New Year’s resolutions: are we lying to ourselves?

New Year's Resolutions, are we lying to ourselves?

Is it good to lie to ourselves? Why do we constantly fool ourselves? Was Dr. Pangloss right? Snap out of it and refuse to live in a fool’s paradise.

Being in a festive mood, I will open my heart to you and confess that, in a certain way, I am an advocate of lying. This confession might shock and send you into a snit, but give me the benefit of the doubt and hear me out. You may even agree with me.

White lies and fibbing are the foundations of our daily social interaction and without them life would be tougher to bear. From morning till dusk we lie our mouths off without thinking twice about it, and to the joy of listeners and recipients of our lies. “Am I fat?” our sister asks. She is a bit chubby, obese even, but she does not want to hear that, and we know it. So, we lie through our teeth: “No, you look great. In fact, I thought you had lost weight.”

So, as I was saying, I endorse the value of fibbing and lying to make our lives easier, more comfortable. To climb the rungs of success fast, I am in favor of stashing the truth, concealing it, adorning and disguising it; in short: merrily lying and fibbing our way through life in order to achieve our ends, our goals. There are limits, of course: do not lie to cheat or take

Nature is unaware that a year is ending and a new one is just about to begin. But man, the inventor of the calendar, thinks that when he rips off—no pun intended—the last calendar page called December, and has before him a new page called January, a handsel, he believes, something new and magical is going to happen. The calendar divides the year into twelve months. Twelve experiences. And this handsel gives us the opportunity to perform the most horrendous crime of all: lying to ourselves.

We start the new year lying to ourselves: making New Year’s resolutions, year in, year out. We fool ourselves into believing that we can snap out of it simply by writing 10 life-changing New Year’s resolutions.The problem lies with those who peddle the ostrich philosophy: if you ignore it, it’s not there. If you lie to yourself, you will be happy.

We are urged to go on a positive-thinking spree, and close our eyes to reality and start the hideous, devastating, and personality—destroying bad habit of lying to ourselves, fooling ourselves into believing that a personality carved out by the ups and downs of life, by society, is going to change course by writing a list of impossible dreams.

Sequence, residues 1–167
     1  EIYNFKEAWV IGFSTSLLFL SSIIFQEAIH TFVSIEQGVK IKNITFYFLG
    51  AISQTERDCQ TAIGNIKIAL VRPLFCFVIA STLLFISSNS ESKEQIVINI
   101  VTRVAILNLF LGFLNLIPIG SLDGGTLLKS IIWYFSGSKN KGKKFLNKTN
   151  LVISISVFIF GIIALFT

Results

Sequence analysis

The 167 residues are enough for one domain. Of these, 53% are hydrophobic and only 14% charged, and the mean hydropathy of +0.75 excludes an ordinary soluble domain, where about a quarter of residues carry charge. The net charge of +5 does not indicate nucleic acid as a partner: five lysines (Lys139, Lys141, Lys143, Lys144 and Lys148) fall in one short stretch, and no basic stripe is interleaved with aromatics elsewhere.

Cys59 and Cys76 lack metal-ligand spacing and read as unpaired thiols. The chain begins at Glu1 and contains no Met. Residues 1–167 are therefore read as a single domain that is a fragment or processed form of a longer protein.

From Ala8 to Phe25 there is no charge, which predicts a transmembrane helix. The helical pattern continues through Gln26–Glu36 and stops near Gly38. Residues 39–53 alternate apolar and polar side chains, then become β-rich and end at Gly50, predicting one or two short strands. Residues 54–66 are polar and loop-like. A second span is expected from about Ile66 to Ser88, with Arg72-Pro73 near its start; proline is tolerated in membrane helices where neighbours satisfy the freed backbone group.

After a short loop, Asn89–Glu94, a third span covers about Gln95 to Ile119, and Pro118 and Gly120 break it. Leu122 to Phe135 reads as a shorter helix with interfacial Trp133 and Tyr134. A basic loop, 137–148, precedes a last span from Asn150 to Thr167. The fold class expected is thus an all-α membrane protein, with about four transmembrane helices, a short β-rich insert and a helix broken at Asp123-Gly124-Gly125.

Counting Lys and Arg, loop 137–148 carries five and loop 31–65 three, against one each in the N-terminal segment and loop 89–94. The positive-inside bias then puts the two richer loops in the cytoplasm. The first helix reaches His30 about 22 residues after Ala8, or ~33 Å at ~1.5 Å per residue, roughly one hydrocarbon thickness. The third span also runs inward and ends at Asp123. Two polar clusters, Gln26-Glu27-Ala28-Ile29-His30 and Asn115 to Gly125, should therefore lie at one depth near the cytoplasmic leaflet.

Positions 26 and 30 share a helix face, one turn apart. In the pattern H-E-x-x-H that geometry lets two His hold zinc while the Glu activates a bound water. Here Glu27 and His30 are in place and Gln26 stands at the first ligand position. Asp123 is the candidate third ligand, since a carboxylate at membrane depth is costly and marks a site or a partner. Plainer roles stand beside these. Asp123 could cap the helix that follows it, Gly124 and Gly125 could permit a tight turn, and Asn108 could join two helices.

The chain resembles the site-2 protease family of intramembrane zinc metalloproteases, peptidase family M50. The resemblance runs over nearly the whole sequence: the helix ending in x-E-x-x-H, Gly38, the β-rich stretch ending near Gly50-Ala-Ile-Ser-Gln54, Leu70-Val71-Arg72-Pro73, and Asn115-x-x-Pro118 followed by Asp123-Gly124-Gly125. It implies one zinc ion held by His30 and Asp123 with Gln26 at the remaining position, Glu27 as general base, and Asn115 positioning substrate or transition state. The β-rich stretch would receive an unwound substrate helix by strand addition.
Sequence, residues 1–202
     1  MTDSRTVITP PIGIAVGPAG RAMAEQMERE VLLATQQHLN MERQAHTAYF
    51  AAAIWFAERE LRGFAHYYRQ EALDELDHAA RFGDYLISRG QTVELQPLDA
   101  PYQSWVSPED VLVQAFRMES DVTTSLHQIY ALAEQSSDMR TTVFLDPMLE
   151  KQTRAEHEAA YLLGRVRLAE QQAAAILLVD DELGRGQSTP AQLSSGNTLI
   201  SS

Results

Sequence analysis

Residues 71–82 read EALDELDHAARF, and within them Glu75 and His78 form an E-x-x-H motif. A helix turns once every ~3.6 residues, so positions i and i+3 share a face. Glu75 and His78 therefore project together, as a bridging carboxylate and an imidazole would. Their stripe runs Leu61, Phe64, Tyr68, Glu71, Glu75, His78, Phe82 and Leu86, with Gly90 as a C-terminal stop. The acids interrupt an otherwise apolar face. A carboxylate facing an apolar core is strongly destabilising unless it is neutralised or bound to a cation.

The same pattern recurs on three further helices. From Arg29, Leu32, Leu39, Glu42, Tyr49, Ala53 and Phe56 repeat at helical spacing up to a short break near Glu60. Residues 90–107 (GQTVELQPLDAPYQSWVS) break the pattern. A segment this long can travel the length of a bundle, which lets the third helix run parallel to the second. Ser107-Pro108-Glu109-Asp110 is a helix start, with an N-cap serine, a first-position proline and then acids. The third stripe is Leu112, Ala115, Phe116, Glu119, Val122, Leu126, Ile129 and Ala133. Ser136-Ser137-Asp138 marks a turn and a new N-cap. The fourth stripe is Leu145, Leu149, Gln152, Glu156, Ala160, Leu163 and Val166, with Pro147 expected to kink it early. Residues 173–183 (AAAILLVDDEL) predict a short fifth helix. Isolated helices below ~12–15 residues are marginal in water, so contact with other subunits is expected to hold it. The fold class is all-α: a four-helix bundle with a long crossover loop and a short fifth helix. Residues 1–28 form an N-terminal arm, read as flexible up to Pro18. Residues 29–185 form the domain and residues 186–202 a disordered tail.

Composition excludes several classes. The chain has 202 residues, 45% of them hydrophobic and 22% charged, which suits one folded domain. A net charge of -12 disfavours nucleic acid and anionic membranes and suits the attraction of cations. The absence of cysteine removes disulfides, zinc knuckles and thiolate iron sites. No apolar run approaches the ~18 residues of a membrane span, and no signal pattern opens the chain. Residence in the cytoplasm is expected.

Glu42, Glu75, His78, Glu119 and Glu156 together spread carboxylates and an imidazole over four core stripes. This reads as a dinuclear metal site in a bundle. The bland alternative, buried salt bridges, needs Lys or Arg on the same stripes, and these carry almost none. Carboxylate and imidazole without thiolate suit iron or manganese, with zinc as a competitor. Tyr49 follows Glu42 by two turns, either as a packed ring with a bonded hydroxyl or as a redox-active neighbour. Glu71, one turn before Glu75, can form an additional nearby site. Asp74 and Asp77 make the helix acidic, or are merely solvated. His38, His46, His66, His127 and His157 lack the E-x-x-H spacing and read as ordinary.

New Year's Resolutions: Are we lying to ourselves?

Also read: 5 Ways to reach your goals year round

New Year’s resolutions show the amount of lying we inflict upon ourselves. You know damn well that you are not going to quit smoking because you try every year, and you have tried plenty of times and you are still a three-pack smoker. Do not make resolutions: Act, do it. Put your action where your mouth is. Stop buying tobacco.

This year I am going to exercise and lose 50 pounds. I am going to be happy no matter what.

I am going to find a job I like.

I am going to change my junk-food eating habits.

I am going to quit smoking and drinking.

Reality is the way it is. One thing is to fib to others, but lying to ourselves is something else. To deceive ourselves in a pointless, stupid manner that will lead us to disaster and failure. Peddlers of the “positive-thinking school” make people unhappy and disappointed.

What do I offer instead?

Instead of blind optimistic illusions, I offer quiet, daily action.

Instead of believing everything will be fine, I offer toil and sweat, plenty of sweat.

Instead of delusions about how well everything is going to be, I offer the stark reality and doing something about it.

Instead of blaming others and Fate, I offer you to get hold of the helm of your boat.

Instead of resignation, I offer get-up-and-go pep and energy.

Instead of fantasy, I offer the truth so that you will stop fooling yourself.

Do not fool yourself: look at your life the way it is, and be realistic, and then ACT. Do not write resolutions, lest the new year goes by, duplicating last year, as a carbon copy of it. And then, in spare moments, read Voltaire’s Candide or the Optimist, a thin 1759 best-seller, where you will read the practical precept: we must cultivate our garden, we must take action and fantasize less, standing firmly on our own two feet.

Snap out of it and refuse to live in a fool’s paradise. Face reality and do something about it, in earnest. Now.

Delfín Carbonell Basset

Delfín Carbonell is a graduate of Duquesne University and the University of Pittsburgh. He holds a Ph.D. in Philology from Madrid and has authored 35 books in both English and Spanish, published by McGraw-Hill, Barron’s, Larousse, Anaya and Serbal. He has taught at Pitt, F&M, Scranton and Murray St. University.